Surviving Your Twenties: The Myth of Being an Adult

by | Apr 1, 2010 | 20s | 13 comments

“I found my twenties to be very difficult,” says Lisa Kudrow in an interview with the Sunday Chronicle. “You have all this information on your side, but you don’t have the experience to judge it. I had been crying for two weeks, every day, so I started seeing a therapist.”

The twenties can be one of the most challenging transitions in life. Part of what adds to the challenge is that we are conditioned to believe that once we reach the ripe age of twenty-one, we are supposed to know how to function in the world as fully capable adults. Nothing could be further from the truth. We tend to think of turning thirteen as the age that marks the passage into adulthood, but the reality is that the process of becoming an adult actually begins in the early twenties and continues in stages for the rest of our lives.

What does it mean to be an adult? Adulthood is most simply defined as being a fully responsible human being, one that has learned how to take good care of one’s emotional, physical, and spiritual self. Clearly this is a monumental task, one that cannot be completed in a single decade. Yet we are thrown into our twenties with the expectation of being able to achieve this task, and when we struggle with it, we feel that we are failing.

Our culture tends to regard adolescence as the time when humans wrestle with the questions of “Who am I?” and “What is my place in the world?”. Perhaps in the past, when people were expected to reach maturity, marry, and be an independent person by the age of eighteen, this time-line of self-growth made sense. But now, with the age of marriage and financial independence becoming increasingly delayed, it is in our twenties when we are handed the task of figuring out who we are–our identity–and what we want to do with our lives–our purpose.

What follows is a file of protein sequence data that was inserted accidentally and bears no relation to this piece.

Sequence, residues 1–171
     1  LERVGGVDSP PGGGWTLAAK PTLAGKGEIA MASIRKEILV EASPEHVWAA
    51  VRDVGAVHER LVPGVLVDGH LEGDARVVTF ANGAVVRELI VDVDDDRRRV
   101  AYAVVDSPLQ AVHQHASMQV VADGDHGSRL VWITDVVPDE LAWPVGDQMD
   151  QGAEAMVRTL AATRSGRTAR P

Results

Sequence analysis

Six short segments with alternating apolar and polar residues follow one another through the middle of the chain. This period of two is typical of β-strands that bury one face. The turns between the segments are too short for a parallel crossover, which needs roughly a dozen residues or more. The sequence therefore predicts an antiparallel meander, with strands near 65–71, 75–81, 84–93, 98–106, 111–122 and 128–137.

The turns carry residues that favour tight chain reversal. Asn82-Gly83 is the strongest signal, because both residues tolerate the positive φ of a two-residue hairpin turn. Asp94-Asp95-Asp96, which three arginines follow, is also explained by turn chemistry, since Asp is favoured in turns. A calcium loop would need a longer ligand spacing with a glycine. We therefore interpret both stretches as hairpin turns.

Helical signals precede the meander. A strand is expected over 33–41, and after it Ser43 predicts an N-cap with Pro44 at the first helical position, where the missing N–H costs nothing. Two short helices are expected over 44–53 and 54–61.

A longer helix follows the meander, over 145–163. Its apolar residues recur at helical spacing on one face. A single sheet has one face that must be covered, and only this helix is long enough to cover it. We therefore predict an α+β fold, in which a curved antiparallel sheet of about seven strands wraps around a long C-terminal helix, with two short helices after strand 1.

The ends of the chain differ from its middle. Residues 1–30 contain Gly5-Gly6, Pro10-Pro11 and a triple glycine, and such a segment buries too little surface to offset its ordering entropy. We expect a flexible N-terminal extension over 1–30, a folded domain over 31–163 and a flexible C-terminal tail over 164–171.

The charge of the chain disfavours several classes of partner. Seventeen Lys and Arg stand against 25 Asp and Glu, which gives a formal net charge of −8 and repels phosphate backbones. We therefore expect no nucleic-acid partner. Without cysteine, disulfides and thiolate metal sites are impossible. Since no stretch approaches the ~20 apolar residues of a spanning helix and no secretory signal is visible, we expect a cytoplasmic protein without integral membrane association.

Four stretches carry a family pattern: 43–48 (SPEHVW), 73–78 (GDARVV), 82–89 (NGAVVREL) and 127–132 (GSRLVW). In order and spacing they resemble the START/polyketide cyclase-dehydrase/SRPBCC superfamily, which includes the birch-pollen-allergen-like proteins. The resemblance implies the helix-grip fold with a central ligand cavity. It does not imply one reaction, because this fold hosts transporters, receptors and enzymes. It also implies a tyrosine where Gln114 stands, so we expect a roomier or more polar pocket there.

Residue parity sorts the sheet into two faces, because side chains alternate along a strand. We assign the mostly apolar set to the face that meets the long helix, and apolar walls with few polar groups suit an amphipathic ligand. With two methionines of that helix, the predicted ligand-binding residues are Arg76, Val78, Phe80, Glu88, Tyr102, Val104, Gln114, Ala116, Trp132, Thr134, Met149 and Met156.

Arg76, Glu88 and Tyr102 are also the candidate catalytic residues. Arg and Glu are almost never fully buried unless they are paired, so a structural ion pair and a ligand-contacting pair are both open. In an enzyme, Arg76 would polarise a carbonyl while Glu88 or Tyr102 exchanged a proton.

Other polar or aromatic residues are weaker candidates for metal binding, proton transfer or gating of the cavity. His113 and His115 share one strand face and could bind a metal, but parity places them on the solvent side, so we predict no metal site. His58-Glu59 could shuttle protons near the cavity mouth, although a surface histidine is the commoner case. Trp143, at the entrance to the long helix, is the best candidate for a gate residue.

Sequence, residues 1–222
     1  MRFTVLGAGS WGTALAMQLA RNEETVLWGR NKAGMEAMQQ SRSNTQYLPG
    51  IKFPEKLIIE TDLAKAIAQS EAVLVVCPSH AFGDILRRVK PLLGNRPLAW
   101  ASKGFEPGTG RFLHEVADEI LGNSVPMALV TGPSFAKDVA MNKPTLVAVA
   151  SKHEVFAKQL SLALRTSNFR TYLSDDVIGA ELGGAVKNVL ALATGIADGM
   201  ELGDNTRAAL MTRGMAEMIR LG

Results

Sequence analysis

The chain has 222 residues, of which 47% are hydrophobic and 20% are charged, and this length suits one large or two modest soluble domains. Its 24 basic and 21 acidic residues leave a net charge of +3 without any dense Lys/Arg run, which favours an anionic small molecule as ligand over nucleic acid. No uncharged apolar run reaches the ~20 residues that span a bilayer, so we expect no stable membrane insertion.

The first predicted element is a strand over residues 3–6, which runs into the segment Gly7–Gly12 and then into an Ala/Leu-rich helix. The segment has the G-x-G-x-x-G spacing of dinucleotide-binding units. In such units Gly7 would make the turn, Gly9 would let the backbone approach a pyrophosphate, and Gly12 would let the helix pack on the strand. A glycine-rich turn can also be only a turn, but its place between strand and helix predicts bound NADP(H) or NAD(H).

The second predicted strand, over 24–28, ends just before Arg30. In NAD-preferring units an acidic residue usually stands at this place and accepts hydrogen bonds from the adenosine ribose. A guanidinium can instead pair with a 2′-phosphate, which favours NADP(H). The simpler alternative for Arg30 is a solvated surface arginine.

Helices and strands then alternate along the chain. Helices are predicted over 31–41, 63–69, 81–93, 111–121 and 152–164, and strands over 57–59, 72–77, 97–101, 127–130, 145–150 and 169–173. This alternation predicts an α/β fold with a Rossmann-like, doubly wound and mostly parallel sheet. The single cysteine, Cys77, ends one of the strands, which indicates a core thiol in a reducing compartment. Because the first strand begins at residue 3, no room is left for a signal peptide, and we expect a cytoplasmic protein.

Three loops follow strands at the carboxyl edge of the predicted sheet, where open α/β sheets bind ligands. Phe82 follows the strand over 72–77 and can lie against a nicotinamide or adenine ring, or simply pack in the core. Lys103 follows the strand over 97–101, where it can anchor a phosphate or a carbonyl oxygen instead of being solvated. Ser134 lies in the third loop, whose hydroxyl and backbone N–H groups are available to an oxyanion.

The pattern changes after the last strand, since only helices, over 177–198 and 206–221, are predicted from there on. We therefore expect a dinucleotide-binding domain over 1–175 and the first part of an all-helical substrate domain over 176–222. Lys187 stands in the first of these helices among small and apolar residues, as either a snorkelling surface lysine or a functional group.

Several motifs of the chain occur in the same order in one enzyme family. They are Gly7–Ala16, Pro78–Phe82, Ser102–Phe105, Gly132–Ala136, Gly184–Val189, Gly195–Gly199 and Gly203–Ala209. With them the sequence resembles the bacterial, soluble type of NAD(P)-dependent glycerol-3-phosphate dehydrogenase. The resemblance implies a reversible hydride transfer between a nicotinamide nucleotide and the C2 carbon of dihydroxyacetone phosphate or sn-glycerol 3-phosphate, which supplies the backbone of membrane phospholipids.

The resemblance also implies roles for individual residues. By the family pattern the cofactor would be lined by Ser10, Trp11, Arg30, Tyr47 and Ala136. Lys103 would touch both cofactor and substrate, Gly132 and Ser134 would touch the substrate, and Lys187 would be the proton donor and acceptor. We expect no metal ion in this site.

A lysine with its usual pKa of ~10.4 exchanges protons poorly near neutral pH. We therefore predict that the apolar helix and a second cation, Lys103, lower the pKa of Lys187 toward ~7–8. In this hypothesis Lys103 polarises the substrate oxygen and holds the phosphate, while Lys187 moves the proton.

As with any rite of passage–adolescence, adulthood, marriage, the birth of a child, old age–there is a letting go and a rebirth as we release the old identity and welcome in the new way of life. As we move through our twenties it is helpful to keep in mind not only the fact that these are difficult years as we attempt to find our place in the world, but also that we are finally releasing our last attachments to childhood. If we can hold the awareness that it is completely normal to grieve and struggle, the transition into adulthood will be more fluid.


Sheryl Paul, M.A., is regarded as an international expert in transitions. In 1998 she pioneered the field of bridal counseling and  has since counseled thousands of people worldwide through her private practice, her bestselling books, “The Conscious Bride” and “The Conscious Bride’s Wedding Planner,” and her websites, and She has appeared several times on “The Oprah Winfrey Show”, as well as on “Good Morning America” and other top television, radio, and newspapers around the globe. Phone and Skype sessions available internationally for all types of transitions.



  1. I’m glad you posted this, Sheryl. I have found my 20s to be a time of struggling to find some sort of identity. I know one thing that keeps me from moving toward parenthood is the thought of losing my childhood and finally having to “grow up” and be a real adult – even though I am already by every definition of the term. I wish more people recognize that grieving is part of the process!

    • I think at each major transition there’s a letting go of childhood and growing up that has to occur. Yes, I wish more people recognized how important it is to grieve at each stage, and that the more we allow ourselves to grieve the more we can joyously embrace the new stage. There’s so much resistance to grieving in our culture which, I think, is connected to our fundamental denial and fear of death. In order to move through transitions consciously there has to be a recognition that death is part of the process. We use words like “letting go” to make it more palatable, but it’s really death and dying that we’re talking about, which terrifies most people (me included!). More on this in future posts…